Garden Valley, TX, May 12, 2014: Since the Africa Mercy arrived in Congo in August, 2013, more than 360 nurses have volunteered their critical expertise and caring skills onboard the 11,600-ton hospital ship. Operating room nurses assisted surgeons in more than 2,400 surgeries in the five state-of-the-art operating rooms during the ship’s 10-month stay in port. Ward nurses delivered excellent bedside care and plenty of hugs to patients recovering in the 82 ward beds. And every afternoon, nurses pulled wagons carrying giggling young patients around on the outside deck of the ship, where patients got some daily exercise and fresh air.
As the world acknowledges International Nurse’s Day, Mercy Ships recognizes this profession’s critical contribution to delivering life-changing and lifesaving healthcare to thousands of patients annually onboard the Africa Mercy. The world’s largest charity hospital ship would not be able to deliver healthcare services without its crew of exemplary volunteer nurses.
Nurse Jenica Gammie who calls Fort Worth, TX, and Denver, CO, home, has found that besides building relationships with patients, she’s most enjoyed mentoring Congolese nurses who have worked alongside Mercy Ships nurses on the Africa Mercy. Twenty-three Congolese nurses were paired with Mercy Ship nurses in both operating rooms and wards to gain valuable experience during the ship’s stay in port. “That experience of getting to share knowledge, empower a local nurse, further her education, encourage her and be encouraged in return has been one of my favorite experiences,” Jenica exclaimed.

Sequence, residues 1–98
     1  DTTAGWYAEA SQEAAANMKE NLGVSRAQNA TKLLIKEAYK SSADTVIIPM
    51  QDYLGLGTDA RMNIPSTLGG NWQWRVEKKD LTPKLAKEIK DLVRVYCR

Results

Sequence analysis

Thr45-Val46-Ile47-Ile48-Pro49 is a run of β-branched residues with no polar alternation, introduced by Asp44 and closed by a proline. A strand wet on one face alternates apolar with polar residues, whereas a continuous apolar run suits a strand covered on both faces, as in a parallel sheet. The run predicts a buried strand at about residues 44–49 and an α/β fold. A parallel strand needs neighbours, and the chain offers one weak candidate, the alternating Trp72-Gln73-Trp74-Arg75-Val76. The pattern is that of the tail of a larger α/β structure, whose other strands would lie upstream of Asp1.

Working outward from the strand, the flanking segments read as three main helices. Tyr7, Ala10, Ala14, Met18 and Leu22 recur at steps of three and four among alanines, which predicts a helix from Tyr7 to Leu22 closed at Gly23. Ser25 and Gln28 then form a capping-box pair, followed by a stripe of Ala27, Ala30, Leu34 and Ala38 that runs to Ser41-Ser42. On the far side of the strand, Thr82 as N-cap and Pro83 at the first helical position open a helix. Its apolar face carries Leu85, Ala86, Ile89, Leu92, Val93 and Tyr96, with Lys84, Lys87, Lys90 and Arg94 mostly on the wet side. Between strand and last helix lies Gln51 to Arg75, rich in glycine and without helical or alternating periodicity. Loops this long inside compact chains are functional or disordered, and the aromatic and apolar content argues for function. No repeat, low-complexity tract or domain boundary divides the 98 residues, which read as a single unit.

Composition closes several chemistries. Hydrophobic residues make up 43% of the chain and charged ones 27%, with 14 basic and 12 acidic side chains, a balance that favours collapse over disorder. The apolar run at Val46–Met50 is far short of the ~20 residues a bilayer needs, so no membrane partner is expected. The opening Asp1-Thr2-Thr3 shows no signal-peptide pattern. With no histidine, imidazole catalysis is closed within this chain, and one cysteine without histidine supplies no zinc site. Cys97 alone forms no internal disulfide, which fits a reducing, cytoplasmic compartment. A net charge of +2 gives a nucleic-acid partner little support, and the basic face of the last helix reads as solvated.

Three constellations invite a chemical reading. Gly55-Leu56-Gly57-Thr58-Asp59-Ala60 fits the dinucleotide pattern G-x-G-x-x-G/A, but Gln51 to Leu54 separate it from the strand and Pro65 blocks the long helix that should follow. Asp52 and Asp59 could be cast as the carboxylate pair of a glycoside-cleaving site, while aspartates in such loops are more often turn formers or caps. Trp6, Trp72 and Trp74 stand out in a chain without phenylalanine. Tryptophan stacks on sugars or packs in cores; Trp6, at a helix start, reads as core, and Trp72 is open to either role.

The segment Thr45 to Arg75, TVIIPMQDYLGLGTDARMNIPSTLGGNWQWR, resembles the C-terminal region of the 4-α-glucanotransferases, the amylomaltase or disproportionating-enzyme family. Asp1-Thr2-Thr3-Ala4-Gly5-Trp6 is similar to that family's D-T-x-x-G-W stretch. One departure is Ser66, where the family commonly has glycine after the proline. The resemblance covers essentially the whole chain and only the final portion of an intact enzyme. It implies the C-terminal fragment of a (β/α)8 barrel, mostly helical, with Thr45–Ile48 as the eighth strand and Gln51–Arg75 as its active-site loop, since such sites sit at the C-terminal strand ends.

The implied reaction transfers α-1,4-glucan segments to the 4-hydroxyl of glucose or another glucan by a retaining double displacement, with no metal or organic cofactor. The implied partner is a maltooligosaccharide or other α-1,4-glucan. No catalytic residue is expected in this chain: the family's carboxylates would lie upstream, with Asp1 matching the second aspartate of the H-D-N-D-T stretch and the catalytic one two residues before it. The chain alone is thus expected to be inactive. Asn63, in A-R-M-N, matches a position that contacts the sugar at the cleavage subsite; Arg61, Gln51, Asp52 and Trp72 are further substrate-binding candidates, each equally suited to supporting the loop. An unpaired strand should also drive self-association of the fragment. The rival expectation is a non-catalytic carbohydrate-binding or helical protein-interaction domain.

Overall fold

Volunteer nurse Bethany Salmonson, from Bemidji, MN, went into the nursing profession with the intent of doing overseas medical missions with her degree. She spent five years gaining experience first to prepare for Mercy Ships. Bethany finds great joy working on the Africa Mercy, “…I might not speak their local languages, but I can understand the smiles, the hugs, and the dancing as they receive the news that we are able to operate…. or when they see the healing afterwards,” she said.
Molly Gacetta, a nurse from Seattle, WA, resigned from her nursing job in Seattle to volunteer with Mercy Ships. “I felt called to Africa for much of my life, and really had a desire and passion to help people in Africa in some capacity,” said Molly. She worked on board with patients receiving plastic surgery, with the wound dressing team and with women who suffered obstetric fistulas. The fistulas were caused after an obstructed and prolonged labor and delivery, without having access to proper healthcare. These women delivered a stillborn child and became incontinent. Molly and the other nurses onboard cared lovingly for them as they were restored to physical and emotional health by a free operation to cure their fistulas.
Greenville, North Carolina, resident Scott Eldridge has been caring for patients in his nursing career for 32 years. He first heard about Mercy Ships on the radio in 2005. Scott just completed his second short-term stint on the ship. Scott enjoys, “Being able to work with patients and experience patient care as it was initially designed…to take care of patients and spend time with them and their families.”
Nurses around the world remain a critical link to every nation’s provision of excellent healthcare. For more information about how to volunteer as a nurse with Mercy Ships during our next field service, contact firstname.lastname@example.org.